In the spring of my senior year, I found an article in Look Magazine about Mike Bixby, from Tupelo, Mississippi. His story enticed me. He was a white student who’d chosen to stay in a public high school after it was rapidly desegregated. The white students in his district had transferred en masse to a private school, but Bixby and nine other whites had chosen to remain.
I loved the article and I loved the photo of him–the way his muscular arms were folded thoughtfully across his chest, and the way he’d poised himself against the edge of a desk comfortably and, yet, with just a hint of restlessness. He wasn’t looking into the camera, but was gazing off somewhere, pondering an important thought. In Tupelo, where the white community prided itself on preserving the Hierarchy of the Ole South, Mike Bixby had opened himself up to being ridiculed and shunned by his own tribe. According to the article, he was called ‘Ni*ra Lover’ behind his back by the old ladies in his church who perceived themselves as too Christian to make that hard “gg” sound and all it implied.
In the article, he admitted that he was scared, sometimes, while walking the hallways between classes. He even told his new schoolmates to cut him a break if he acted aloof, because he hadn’t yet found his sea legs amidst the jarring imbalance of his new surroundings. ‘No, man,’ they told him. ‘We got your back.’
I’d cut out the article and the photo and pinned it to my bulletin board. To me, Mike Bixby was a pioneer. I wanted to be a pioneer, too. He challenged his feelings about race. I wanted to challenge my feelings about race. And he’d been accepted by black students in his school; the article said they treated him as an equal. I, too, was an equal, not a better-than or a less-than. I knew it instinctively. We were equals.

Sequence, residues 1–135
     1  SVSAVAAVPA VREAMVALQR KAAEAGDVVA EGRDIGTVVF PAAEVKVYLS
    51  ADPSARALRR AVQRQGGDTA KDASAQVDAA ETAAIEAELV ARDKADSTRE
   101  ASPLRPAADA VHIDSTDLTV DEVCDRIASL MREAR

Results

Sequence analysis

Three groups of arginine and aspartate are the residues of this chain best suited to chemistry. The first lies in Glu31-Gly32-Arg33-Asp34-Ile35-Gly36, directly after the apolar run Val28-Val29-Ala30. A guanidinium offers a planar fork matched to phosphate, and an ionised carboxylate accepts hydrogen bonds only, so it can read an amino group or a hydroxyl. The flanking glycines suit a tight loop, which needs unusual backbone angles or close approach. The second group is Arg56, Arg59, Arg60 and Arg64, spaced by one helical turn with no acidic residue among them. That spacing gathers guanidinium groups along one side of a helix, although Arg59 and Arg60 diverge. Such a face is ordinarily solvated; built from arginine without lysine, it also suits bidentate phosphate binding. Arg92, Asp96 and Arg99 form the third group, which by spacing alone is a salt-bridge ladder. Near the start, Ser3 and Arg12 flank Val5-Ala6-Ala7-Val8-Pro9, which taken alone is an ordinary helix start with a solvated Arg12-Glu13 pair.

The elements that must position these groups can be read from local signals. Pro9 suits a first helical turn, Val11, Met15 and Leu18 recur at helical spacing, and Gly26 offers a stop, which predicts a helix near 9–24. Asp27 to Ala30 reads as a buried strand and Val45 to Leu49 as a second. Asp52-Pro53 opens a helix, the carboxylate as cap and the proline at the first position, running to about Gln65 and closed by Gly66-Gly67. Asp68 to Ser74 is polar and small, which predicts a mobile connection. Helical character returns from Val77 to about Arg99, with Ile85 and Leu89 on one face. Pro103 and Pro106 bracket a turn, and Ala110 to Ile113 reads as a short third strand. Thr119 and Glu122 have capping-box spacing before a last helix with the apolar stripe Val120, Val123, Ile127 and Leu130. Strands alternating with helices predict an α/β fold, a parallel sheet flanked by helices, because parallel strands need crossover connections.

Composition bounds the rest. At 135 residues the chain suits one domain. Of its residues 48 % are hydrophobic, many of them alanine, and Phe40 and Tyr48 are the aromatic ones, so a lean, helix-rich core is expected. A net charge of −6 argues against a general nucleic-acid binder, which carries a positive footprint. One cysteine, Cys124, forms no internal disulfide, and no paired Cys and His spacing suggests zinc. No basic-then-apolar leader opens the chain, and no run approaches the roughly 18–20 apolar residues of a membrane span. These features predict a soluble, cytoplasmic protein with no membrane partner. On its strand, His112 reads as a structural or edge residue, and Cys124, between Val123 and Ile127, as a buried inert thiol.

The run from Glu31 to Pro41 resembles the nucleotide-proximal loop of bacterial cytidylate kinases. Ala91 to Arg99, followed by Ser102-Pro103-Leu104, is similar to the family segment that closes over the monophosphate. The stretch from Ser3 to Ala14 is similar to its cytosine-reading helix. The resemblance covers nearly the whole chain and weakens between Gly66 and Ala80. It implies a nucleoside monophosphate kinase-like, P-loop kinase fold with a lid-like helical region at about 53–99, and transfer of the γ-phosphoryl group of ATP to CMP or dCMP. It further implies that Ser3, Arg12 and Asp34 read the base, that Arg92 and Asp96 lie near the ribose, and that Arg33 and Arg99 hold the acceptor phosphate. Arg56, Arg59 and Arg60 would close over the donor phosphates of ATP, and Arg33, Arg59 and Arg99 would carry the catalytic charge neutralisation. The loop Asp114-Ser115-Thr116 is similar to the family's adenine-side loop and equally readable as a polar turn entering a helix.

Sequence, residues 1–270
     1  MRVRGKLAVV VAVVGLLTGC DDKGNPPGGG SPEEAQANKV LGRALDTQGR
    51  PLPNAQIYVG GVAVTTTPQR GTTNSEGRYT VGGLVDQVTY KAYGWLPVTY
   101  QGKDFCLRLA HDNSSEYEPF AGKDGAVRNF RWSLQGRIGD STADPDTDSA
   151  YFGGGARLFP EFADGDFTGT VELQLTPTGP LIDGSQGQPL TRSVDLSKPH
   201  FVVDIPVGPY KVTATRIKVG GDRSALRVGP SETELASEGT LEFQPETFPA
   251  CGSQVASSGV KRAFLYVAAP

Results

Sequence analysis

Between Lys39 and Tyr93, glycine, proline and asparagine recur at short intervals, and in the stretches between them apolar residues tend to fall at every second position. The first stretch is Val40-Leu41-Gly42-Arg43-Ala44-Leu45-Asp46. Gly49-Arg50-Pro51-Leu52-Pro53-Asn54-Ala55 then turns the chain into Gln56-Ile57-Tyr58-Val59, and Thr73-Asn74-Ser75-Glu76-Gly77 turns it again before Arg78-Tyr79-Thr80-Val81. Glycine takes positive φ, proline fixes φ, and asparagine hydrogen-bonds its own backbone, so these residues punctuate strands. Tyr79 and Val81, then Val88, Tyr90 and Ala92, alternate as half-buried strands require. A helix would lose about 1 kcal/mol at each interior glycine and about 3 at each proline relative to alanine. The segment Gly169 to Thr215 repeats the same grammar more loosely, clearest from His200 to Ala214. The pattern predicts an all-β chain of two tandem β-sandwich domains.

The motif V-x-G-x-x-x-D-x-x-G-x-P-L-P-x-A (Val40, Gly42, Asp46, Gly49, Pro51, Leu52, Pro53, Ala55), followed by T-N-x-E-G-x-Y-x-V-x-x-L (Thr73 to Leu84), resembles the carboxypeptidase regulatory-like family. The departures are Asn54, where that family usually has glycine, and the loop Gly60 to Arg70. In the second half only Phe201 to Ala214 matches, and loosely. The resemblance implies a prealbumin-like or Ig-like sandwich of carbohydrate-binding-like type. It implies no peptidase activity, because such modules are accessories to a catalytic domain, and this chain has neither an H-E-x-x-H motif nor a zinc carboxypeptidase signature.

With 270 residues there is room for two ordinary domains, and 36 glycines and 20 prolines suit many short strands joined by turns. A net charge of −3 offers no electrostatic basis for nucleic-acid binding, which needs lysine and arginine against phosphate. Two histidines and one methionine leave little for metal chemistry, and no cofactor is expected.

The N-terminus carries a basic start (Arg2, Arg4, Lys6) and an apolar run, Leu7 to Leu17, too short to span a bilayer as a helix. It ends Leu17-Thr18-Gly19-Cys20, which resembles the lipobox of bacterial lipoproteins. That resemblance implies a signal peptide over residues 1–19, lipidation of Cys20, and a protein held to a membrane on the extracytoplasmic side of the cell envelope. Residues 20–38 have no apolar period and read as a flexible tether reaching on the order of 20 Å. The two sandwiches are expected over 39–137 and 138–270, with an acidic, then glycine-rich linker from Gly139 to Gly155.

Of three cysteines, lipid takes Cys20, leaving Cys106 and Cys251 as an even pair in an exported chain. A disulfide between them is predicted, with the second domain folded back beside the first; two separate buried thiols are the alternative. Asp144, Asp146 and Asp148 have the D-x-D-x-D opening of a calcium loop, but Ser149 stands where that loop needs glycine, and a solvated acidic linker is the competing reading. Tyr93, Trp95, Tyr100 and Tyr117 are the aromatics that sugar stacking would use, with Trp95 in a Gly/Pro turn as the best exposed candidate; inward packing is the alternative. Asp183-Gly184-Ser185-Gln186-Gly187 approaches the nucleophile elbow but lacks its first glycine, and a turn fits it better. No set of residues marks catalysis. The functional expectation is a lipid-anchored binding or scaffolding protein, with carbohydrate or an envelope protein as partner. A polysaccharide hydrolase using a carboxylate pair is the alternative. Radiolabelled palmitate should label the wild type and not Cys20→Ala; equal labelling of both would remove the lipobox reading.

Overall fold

My brother Allan dropped in my room one afternoon to take back his White Album. At 19, he was moving out. His hair—short when he’d graduated high school two years ago—now fell below his shoulders, and a first-time goatee was struggling to make a home on his chin. Since the Beatles’ breakup, I’d been revisiting all of their songs in order of their release. I’d coopted his White Album for weeks, transfixed by Blackbird and Revolution 1, and was now on to Abbey Road. Even though two years had passed since they’d split up, I still clung to the hope that they’d get back together because, to me, there couldn’t be an end to the music I’d leaned on for so much of my life.
“Who’s that dork?” He glanced at the photo of Mike Bixby pinned to the board over my bed, and he laughed. “Someone you want to make out with, instead of your pillow?” He scanned the article describing how Mike Bixby was breaking down race barriers as a minority in a black public school in the deep south. ‘They’re even teaching me the Funky Chicken,’ Bixby had told the reporter.
“He’s too cool for you. Too good-looking, too.” Allan checked the album for scratches and slid it into the sleeve.
Once my brother left, I looked in the mirror, confirming what he’d said. I was plain Elaine. I wasn’t unattractive, but I was hardly Mike Bixby’s type. Yet I and Mike Bixby shared one thing: We respected blacks and wanted integration and equal rights in America. And we were willing to do more than just lip service. We were willing, and ready, to step into their worlds and walk alongside.